What is the main appeal of Bodleian Library?
The main appeal is really what we saw outside… that it was for Oxford academics… In other words, people can come here and apply to become a reader even if you’re not a university member. If you can document that you actually have a very good reason why you need to use the library, either for a book or for a doctorate or whatever, or lecture series, then people from all over the world come here to use this fantastic resource of rather rare books. Also as I said to you earlier, what we call modern papers are things that are for instance correspondents, diaries, from more recent times. So there is a lot of information that you can’t get from anywhere else, which is held here.
Even on the internet?
Even on the internet. You might be able to see some, for instance there might be… from the Frankenstein manuscript of Mary Shelley, I think that you probably would be able to find a couple of pages or so, showing a scan of… and these were just loose sheets where you can see what she wrote. And then Percy Shelley came in with his clever clogs comments, and rude things! [Laughs] It’s quite interesting to see. So that, in other words, the attraction here is that this is quite a unique collection.
Do you find that there are more visitors to the library now, when digital books are popular, or were there more when they weren’t?
I don’t know that that has changed that much… yes, because it’s quite a unique collection.
How would you say that this library, other than being unique and having things that you can’t find anywhere else is different from just a local library?
All these manuscripts I talked about. I mean it goes back to papyrus, to sort of charred remains of papyrus script from Pompeii and Herculaneum. We’re talking about very unusual things.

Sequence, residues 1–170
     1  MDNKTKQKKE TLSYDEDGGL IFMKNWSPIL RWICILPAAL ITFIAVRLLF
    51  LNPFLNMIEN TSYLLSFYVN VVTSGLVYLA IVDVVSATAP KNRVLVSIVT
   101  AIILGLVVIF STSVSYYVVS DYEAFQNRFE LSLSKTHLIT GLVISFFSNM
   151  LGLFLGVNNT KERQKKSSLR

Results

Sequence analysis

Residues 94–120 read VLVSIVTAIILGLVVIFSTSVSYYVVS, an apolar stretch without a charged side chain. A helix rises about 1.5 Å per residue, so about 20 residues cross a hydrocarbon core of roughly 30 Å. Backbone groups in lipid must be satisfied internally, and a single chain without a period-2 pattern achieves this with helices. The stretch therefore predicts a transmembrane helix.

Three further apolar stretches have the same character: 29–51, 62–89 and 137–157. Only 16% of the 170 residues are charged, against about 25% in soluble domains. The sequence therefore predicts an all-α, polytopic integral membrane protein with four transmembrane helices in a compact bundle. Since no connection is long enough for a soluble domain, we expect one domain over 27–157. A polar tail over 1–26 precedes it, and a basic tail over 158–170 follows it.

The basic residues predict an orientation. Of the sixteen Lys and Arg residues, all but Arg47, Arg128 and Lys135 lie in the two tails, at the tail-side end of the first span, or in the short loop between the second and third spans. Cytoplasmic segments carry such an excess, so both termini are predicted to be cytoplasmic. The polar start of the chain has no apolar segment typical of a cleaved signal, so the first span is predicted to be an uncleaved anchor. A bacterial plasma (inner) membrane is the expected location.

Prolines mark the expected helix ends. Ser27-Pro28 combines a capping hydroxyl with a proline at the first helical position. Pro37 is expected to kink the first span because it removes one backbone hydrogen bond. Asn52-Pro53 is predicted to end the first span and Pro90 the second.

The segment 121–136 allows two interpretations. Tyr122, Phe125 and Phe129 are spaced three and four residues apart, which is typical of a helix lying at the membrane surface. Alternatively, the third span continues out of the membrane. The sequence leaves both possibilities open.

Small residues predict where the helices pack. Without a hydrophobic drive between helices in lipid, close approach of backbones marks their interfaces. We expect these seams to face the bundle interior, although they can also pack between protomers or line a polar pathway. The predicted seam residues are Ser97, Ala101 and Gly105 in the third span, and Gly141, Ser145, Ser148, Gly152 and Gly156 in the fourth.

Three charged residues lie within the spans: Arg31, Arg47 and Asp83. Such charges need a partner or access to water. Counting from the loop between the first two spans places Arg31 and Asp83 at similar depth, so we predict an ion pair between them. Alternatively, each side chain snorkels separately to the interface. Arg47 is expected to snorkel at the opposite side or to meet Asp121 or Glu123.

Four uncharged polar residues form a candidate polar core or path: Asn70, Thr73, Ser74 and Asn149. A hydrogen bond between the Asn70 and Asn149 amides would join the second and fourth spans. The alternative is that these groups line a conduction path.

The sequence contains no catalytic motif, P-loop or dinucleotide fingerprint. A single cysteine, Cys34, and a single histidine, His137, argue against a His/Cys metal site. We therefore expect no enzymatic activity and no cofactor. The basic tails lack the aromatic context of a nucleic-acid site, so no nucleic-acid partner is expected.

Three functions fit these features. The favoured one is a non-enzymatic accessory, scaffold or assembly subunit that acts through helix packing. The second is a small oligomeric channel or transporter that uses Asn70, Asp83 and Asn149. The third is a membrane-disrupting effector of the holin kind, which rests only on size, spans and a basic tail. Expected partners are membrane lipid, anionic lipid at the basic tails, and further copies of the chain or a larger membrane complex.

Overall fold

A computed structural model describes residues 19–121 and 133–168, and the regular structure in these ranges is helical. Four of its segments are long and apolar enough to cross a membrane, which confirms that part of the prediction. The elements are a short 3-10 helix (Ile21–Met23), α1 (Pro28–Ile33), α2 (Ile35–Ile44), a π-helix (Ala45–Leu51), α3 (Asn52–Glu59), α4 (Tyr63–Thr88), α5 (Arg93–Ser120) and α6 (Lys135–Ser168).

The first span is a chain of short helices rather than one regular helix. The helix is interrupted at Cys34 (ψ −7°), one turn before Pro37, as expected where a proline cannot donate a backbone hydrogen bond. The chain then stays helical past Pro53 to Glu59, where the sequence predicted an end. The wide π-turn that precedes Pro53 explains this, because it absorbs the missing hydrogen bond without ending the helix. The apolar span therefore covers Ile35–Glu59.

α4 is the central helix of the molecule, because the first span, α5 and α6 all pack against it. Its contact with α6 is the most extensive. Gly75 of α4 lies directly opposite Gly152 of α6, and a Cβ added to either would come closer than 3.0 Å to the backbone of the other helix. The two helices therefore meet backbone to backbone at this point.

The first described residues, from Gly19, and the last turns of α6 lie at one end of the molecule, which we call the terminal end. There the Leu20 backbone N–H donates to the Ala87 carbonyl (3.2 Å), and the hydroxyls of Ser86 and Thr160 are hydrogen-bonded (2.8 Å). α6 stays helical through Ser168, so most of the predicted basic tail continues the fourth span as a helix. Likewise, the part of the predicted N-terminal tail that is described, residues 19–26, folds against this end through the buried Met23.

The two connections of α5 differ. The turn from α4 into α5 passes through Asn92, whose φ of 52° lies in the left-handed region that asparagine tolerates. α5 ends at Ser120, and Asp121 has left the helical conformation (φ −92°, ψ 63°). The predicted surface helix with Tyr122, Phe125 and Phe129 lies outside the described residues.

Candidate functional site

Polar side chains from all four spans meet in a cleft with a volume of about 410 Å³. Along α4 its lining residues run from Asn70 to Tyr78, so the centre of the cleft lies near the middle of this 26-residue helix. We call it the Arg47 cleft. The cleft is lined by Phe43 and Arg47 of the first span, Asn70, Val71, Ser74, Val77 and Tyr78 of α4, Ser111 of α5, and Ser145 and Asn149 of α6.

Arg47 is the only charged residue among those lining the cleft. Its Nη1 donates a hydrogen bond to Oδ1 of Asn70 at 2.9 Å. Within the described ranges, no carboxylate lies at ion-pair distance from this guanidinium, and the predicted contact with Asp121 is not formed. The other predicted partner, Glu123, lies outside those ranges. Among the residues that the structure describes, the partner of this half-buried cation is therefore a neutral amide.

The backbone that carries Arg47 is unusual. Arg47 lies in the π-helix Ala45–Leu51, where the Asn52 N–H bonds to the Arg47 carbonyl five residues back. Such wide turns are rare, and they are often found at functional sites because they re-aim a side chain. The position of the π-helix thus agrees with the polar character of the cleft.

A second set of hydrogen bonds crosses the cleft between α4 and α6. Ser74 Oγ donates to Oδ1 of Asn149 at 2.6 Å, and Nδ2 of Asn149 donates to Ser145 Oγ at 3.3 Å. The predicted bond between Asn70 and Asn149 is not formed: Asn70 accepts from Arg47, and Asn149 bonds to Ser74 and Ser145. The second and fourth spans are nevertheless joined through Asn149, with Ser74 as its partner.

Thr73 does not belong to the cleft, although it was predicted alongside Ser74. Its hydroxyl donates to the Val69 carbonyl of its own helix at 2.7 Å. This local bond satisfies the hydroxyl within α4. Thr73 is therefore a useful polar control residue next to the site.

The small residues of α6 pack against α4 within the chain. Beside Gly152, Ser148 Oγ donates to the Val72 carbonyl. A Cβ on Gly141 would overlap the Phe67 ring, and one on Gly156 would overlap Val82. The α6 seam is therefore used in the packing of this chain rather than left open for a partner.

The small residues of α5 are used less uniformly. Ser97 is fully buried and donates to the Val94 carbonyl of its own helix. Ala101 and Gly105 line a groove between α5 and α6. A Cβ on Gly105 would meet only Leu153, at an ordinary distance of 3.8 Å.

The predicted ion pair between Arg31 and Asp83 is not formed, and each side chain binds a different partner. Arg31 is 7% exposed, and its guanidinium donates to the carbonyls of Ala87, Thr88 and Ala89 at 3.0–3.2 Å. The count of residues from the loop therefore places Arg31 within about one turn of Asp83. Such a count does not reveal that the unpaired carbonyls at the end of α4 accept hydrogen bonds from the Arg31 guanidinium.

So this library then is very different from the average library we come across?
Yes, and of course Oxford is full of other libraries. The colleges have their own libraries, departments have libraries and so this is the ‘old’ library, this is where you read the stuff which you can’t get anywhere else.
So what do you think is the future of libraries, or this library in particular?
Well I think that what we see, is with one of the benefactors I didn’t point out to you upstairs was the Millan Foundation in America, and they have given money that started up Oxford digital library. And also another project which you can find, where I said about the medieval images, and that means that you… all over the world anybody can access this for free, just go into Bodleian Library and look for these sort of key words you’ll be able to find… And the Google Project of course, they as well were scanning a whole lot of old books, of printed books and so, the future is I think that it will probably be even more used, for historical reasons.
Would you say that people come to this library mostly for non-fiction… there’s not really much fiction here is there?
Well people come for academic reasons, is that correct? Not just to enjoy reading fiction?
Yes, yes, you can also see people here enjoying reading. [Laughs] And you have the poet, uh, whats his name again… There are local writers who want to use this as a sort of study to visit their own work in the upper reading room, and you’re very lucky to find anything on open shelves that you’re looking for, you have to order a book. And then it depends on where it’s housed, how long it takes to come before you can use it. In the old days I remember it would take two hours, so you would go in and write down all your order slips. Now of course you can do it online, and you can do it remotely so the books are ready for you when you come in. And you’re ready to start working.
So you would say there’s more fiction that non-fiction?
[Laughs] Yeah I mean English literature, yes. When it comes to foreign books, I mean say books in French, they would probably be housed in the Taylorian institute library which is where the modern languages are. So you have to think of the campus being all over town.
How do you categorise the books that you say you have to order?
I think… they are categorised by, y’know for instance, English literature would have ‘Eng Lit’ on the shelf mark. And then you would have part of the Bodleian Library is the Radcliffe Science Library which is further up the road. So there you would have books on natural sciences for instance. So it’s all very complicated, it’s a big web really! [laughs]
Can I ask what your name is?
Its Rigmor Batsvik… you can probably google me.